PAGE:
A first timer’s guide to Zimbabwe 

September 24, 2019

From luxurious houseboats and newly upgraded safari lodges and hotels to incredible wildlife encounters and adventure activities, Zimbabwe continues to delight visitors from far and wide

Zimbabwe has long been a favourite African destination with safari lovers, nature buffs and adventure junkies alike. And in recent years greater economic stability has seen the country’s tourism industry staging a comeback with new bush lodges opening and some fresh experiences that delight both first-time and returning visitors.

So, what makes this tropical Southern African country such a gem?

Despite a turbulent political history, Zimbabwe’s vast wilderness areas, outstanding big game, classic African landscapes, jaw-dropping natural wonders and warm and welcoming people combine to create an experience unlike any other in the region.

Plus, many safari enthusiasts rate Zimbabwean safari guides, rangers and trackers as among the very best in Africa.

Animal trackers and African anti poaching safari in Zimbabwe

On a practical level, Zimbabwe is easily accessible from its neighbouring countries such as South Africa and Botswana, allowing visitors to experience the country along with others in one trip.

A land of diversity and wonder

Zimbabwe is a landlocked nation bordered by South Africa to the south, Mozambique to the east, Botswana to the west and Zambia to the north. Despite not having a coastline, Zimbabwe is a stunningly beautiful country, boasting a number of different landscapes, including typically African savannahs and vistas, dotted with ancient baobab, mopane and marula trees.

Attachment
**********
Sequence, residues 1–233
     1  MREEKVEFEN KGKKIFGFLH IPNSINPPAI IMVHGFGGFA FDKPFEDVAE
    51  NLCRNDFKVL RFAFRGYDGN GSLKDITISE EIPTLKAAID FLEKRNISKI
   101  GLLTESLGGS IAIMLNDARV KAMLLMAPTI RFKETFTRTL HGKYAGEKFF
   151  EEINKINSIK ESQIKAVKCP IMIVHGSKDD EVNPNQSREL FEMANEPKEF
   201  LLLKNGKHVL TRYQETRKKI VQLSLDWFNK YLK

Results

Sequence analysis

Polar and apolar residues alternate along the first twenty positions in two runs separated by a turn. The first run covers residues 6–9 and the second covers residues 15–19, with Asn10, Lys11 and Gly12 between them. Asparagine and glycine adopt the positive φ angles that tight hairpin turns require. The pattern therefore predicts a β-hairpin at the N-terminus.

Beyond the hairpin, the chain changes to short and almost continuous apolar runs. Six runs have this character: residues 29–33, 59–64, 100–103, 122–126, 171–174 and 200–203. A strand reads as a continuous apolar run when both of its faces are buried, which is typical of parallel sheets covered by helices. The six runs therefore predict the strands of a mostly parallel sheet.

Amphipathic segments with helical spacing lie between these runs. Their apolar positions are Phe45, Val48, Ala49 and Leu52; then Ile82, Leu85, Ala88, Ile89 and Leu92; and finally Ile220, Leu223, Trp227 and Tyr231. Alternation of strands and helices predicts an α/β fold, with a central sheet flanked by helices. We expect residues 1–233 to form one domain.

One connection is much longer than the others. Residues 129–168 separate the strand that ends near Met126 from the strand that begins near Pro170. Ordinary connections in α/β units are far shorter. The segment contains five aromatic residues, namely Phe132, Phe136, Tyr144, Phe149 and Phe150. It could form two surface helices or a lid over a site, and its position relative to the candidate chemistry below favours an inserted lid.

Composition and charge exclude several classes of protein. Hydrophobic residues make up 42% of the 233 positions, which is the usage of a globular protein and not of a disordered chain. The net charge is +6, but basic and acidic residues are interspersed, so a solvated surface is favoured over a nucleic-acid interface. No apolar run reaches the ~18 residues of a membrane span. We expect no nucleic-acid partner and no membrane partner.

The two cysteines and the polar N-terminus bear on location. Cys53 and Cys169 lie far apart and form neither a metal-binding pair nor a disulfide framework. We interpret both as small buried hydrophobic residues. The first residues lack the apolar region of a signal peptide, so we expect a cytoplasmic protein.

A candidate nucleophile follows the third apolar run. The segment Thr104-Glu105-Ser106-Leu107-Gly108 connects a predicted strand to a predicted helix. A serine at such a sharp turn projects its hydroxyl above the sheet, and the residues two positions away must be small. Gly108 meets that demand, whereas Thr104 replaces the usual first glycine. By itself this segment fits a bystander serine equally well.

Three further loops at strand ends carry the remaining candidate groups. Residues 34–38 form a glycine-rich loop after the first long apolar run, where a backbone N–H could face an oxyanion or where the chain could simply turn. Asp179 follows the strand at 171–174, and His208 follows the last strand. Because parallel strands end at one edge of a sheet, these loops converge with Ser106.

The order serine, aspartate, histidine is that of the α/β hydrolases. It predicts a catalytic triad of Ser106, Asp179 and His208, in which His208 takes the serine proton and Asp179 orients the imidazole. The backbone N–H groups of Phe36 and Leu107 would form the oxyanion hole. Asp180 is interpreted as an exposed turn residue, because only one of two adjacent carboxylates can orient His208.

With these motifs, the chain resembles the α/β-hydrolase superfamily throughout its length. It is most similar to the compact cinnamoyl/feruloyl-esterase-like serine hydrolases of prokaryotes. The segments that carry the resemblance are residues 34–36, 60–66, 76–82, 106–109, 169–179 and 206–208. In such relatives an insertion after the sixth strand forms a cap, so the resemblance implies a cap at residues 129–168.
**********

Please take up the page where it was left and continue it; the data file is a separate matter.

Zimbabwe’s national parks, including Hwange and Matobo, are famed big game territories, home to the magnificent Big Five (elephant, rhino, buffalo, lion and leopard) among many other animals and birds, including giraffe, crocodiles, warthogs and more.

Lioness and cubs in Chobe National Park in Zimbabwe

The country is also home to one of the seven wonders of the world: the awe-inspiring Victoria Falls or Mosi-oa-Tunya (‘the smoke that thunders’), which borders Zimbabwe and Zambia.

The naturally formed Devils Pool where some tourists swim despite a risk of plunging over the edge in Victoria Falls in Zimbabwe

Here the locals have always known, long before Scottish missionary and explorer David Livingstone set eyes on this wonder in November 1855, that the falls, the largest in the world by volume, are something truly extraordinary.

Witnessing the Mosi-oa-Tunya from the air, either via a plane as you approach Victoria Falls or Livingstone airports, or via a scenic helicopter trip, is an experience you’re guaranteed to never forget. Equally awe-inspiring is seeing the falls for the first time from one of the wooden walkways that provide viewing access to Victoria Falls.

Victoria Falls (Tokaleya Tonga Mosi-oa-Tunya or The Smoke that Thunders) a border between Zambia and Zimbabwe

However, while once it was a wonder enough to simply soak up the awesome power of the falls before retiring to your hotel for a gin and tonic, today a vast range of adrenaline-inducing adventure activities keep visitors in Victoria Falls occupied all day long.

Choose from the thrilling 111 m bungee jump from the Victoria Falls Bridge, a powerboat adventure or white-water rafting on the Zambezi, a gorge swing, helicopter flip or sunset cruise on the Zambezi River.